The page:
House prices
House prices and rental rates are on the rise, hitting people wanting to buy property for the first time (Reuters) Reuters

First-time buyers have been dealt a double hammer blow as fresh figures show rental rates and house prices at new highs.

The average rent for flats in the UK is now £833 per month - a record high.

That is 2.5 percent higher than this time last year, according to's Rental Index.

This puts an extra squeeze on first-time buyers, who are already struggling to save for the sizeable deposits required for a mortgage, often as much as 20 percent of a property's value.

House prices jumped 4.9 percent in the first three months of 2012 - their biggest leap since 2004 - the Rightmove House Price Index revealed.

The current stamp duty holiday for first-time buyers, which means they do not pay the tax on a property purchase, will end on 24 March unless it is extended by Chancellor George Osborne.

If no extension is granted, it will be yet another setback for people struggling to make their first move on to the property ladder.

"For a first-time buyer it is already hard enough to raise the necessary deposit and now, as well as potentially losing between £1,250 and £2,500 in stamp duty exemption, asking prices for their target property types have increased by over £5,000 in the last year as well," Rightmove director Miles Shipside said.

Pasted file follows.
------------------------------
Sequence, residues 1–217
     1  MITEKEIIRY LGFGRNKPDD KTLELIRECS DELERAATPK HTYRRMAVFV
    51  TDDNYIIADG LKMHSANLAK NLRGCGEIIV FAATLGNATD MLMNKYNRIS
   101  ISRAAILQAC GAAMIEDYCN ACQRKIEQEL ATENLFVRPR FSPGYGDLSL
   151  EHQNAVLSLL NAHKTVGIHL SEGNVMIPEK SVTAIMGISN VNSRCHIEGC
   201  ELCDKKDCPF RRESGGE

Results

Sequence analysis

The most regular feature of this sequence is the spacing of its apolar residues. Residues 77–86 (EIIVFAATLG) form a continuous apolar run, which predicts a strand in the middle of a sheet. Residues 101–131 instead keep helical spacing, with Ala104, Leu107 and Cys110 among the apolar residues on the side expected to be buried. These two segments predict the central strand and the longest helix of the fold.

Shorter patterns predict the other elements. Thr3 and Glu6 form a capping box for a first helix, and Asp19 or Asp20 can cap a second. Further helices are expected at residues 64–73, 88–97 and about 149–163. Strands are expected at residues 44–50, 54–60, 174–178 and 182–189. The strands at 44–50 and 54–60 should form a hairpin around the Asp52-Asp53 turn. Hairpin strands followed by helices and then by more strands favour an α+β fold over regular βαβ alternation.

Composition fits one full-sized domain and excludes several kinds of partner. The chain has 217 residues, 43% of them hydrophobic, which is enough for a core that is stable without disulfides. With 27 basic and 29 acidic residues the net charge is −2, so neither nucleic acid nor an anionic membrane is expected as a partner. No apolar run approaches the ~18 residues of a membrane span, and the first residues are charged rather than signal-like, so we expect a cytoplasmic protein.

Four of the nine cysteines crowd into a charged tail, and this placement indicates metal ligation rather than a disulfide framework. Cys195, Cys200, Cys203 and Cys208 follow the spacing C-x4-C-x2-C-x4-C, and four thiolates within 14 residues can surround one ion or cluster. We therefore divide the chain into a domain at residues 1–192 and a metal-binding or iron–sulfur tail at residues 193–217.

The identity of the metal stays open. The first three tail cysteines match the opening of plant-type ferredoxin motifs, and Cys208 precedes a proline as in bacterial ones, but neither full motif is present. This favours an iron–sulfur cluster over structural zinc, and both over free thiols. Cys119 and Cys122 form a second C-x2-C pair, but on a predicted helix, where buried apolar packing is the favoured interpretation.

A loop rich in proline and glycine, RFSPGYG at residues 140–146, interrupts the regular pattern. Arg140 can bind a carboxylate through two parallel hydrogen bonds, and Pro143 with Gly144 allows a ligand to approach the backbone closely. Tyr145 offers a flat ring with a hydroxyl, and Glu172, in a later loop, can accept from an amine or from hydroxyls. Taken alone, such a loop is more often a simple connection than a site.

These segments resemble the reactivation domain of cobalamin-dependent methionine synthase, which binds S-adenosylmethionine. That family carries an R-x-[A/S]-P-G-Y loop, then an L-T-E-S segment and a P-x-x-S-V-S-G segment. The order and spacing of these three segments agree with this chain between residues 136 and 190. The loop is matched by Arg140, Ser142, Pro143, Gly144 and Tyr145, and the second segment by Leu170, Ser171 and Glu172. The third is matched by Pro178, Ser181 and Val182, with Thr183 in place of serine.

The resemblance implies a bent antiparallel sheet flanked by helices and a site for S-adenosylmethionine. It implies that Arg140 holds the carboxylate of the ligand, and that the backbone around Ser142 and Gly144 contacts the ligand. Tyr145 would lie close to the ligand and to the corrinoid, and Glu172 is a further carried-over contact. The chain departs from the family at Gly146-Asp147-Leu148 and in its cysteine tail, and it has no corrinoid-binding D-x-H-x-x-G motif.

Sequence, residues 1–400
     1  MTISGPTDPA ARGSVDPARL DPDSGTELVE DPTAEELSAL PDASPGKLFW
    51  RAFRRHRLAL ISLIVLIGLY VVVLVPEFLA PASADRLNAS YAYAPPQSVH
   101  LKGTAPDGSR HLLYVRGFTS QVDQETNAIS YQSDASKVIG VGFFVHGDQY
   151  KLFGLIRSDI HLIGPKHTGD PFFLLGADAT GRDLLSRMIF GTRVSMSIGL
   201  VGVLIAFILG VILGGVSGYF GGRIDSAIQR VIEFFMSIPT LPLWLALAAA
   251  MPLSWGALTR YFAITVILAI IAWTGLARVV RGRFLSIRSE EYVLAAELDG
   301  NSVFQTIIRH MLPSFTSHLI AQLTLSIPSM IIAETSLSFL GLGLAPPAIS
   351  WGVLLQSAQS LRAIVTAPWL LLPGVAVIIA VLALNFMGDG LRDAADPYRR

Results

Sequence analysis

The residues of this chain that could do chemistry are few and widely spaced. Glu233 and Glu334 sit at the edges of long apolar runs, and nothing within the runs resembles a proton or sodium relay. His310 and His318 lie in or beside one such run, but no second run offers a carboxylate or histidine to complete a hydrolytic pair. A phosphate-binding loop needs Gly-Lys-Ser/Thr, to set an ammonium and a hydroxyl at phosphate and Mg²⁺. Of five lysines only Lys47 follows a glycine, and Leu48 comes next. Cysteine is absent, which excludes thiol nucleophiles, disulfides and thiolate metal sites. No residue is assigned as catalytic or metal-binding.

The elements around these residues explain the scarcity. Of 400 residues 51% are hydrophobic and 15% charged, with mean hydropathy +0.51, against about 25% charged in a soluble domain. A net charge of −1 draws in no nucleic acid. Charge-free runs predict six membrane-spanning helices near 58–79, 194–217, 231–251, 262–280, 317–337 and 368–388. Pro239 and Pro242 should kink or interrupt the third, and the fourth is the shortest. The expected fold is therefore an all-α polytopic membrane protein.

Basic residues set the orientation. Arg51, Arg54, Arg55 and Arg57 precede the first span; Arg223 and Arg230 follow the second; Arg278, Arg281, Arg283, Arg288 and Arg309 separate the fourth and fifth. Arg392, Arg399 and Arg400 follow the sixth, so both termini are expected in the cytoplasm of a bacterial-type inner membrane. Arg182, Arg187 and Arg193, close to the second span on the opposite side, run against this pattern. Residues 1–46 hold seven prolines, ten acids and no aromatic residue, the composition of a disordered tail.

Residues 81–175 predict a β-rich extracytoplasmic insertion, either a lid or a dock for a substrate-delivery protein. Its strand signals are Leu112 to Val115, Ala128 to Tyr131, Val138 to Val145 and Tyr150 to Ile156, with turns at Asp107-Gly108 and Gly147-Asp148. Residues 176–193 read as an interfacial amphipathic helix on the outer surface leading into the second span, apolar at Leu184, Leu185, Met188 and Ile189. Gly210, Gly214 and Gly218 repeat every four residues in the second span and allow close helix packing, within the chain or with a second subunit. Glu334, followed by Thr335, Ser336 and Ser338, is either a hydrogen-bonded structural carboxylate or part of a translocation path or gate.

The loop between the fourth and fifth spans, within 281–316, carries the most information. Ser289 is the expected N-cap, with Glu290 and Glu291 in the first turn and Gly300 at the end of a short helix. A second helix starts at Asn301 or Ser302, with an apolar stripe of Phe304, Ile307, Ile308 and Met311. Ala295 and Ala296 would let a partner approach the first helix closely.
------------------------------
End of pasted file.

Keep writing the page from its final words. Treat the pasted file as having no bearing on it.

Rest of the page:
"The stamp duty holiday was designed to promote activity in the moribund housing market, helping first-time buyers to get on to the housing ladder and, as a consequence, releasing others to climb up the rungs too.

"With some promising indicators of activity so far in 2012, there are finally some signs that this is playing an important role."

Shipside added: "The question is can the chancellor afford to spring a surprise and extend the stamp duty exemption?

"If not, what are the potential costs of leaving the UK resale property market without any incentives?"

The government has been making efforts to stimulate the first-time buyers market by offering taxpayer-backed 95 percent mortgages.

It is called the NewBuy scheme and is only available to first-time buyers looking to purchase new build properties.

Around 100,000 people are expected to be helped by NewBuy.

"We want to help everyone achieve their aspirations and feel the pride of home ownership," housing minister Grant Shapps said.

"I'm delighted that the NewBuy Guarantee [scheme] will give thousands of prospective buyers the chance to buy a home with a fraction of the deposit normally required."

A housing chairty expressed concern at the latest figures.

"Millions of people across the country are suffering the consequences of our severe shortage of affordable housing," Kay Boycott, director of communications, policy and campaigns at Shelter, told IBTimes UK.

"Many who are desperate to get on the housing ladder but cannot even afford to rent are putting their lives on hold, with more than a fifth of 18 to 34-year-olds still living at home with their parents and many couples delaying having children.

"We can no longer ignore the unacceptable impact our housing crisis is having on all aspects of people's lives."